Materials: (5) Udden panels, Stainless Steel Screws, Wall Anchors, finishing nails, trim lumber (about 1/2″ thick) , saw, wood stain, laser level, wall fireplace unit Description: I had originally purchased some Udden backsplash panels for our kitchen, before realizing they had to be attached to a specific Udden cabinet which I did not have. When we started to renovate our basement, inspiration struck, and this fireplace wall was the result. The instructions seem laborious, but it’s a pretty easy process once you get started.
1. Measure the height of your ceiling to determine number of Udden panels and trim pieces required. Our basement ceiling was around 90″ high, or so. We laid out the Udden panels (gently) along with the wood trim to determine if any of the trim needed to be cut down to match the height. Make any cuts necessary, and pre-stain (or paint) all wood trim.
2. Using a laser level, start from the bottom up and begin to build your fireplace wall. Place the bottom-most trim piece, using the laser level as a guide (chances are good your floor is not perfectly level). Use the finishing nails to attach the wood trim to wall, making sure to hit the studs for support.
3. Next, hold up the Udden panel where you want it, and mark the pre-drilled hole placement on the wall with a pencil. Install your wall anchors at those locations. Put the Udden panel back on the wall, and attach to the wall anchors using the stainless steel screws.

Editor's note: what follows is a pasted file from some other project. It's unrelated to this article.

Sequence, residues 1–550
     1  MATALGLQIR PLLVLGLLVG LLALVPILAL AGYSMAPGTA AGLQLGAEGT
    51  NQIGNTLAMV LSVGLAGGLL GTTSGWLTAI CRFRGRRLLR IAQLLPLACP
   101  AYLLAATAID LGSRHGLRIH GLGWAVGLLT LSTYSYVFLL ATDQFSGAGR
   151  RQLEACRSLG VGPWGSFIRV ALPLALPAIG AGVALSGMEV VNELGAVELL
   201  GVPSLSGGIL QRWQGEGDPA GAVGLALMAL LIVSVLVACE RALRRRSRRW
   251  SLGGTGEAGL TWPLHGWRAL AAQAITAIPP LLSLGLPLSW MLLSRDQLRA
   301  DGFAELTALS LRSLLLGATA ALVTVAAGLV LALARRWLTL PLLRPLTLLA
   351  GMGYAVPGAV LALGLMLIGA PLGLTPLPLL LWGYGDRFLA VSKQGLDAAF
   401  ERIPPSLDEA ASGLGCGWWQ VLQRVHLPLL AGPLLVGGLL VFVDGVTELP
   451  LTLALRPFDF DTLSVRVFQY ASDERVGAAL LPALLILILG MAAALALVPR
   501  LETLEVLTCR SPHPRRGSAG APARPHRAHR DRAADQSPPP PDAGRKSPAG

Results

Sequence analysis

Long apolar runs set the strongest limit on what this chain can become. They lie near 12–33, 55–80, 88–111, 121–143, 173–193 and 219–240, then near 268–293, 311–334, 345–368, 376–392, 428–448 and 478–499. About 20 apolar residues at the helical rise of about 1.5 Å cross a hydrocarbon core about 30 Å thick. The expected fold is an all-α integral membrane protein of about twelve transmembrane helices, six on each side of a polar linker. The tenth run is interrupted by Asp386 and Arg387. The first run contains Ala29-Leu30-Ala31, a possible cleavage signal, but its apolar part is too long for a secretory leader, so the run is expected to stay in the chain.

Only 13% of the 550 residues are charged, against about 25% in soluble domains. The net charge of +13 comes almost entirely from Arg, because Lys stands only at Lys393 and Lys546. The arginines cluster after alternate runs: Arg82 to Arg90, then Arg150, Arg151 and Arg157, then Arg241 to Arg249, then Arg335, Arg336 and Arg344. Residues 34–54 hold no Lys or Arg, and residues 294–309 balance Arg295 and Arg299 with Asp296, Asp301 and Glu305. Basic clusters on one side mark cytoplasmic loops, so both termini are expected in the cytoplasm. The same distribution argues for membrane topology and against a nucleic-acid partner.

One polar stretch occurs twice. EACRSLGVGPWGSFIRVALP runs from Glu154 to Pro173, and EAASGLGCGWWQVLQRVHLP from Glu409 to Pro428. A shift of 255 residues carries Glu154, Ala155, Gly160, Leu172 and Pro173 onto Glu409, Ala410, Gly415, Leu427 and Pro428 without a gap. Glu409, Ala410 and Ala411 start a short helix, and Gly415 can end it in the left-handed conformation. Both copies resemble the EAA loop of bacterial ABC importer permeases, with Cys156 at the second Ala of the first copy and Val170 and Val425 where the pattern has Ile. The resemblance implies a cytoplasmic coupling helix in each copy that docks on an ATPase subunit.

4. Repeat each step until you have reached the ceiling, and cut down final top trim piece as needed. Add a trim piece on each side.
5. Take your wall-mounted fireplace unit (this one burns alcohol-based gel, available at most major home improvement stores) and measure the mounting bracket locations. Install wall anchors as needed, ideally screwing into the wood trim. Our particular setup required screwing through one of the Udden panels, which took a little more planning. Using longer mounting screws, drill into the wall anchors, leaving an appropriate amount sticking out to hang the unit.
Jules Yap started IKEAHackers.net in 2006 as a personal blog to showcase the most impressive IKEA hacks from all over the world. Since then, she has learned a lot more about power tools and DIY. Her site has helped thousands modify IKEA furniture with step-by-step tutorials, craft projects and home styling.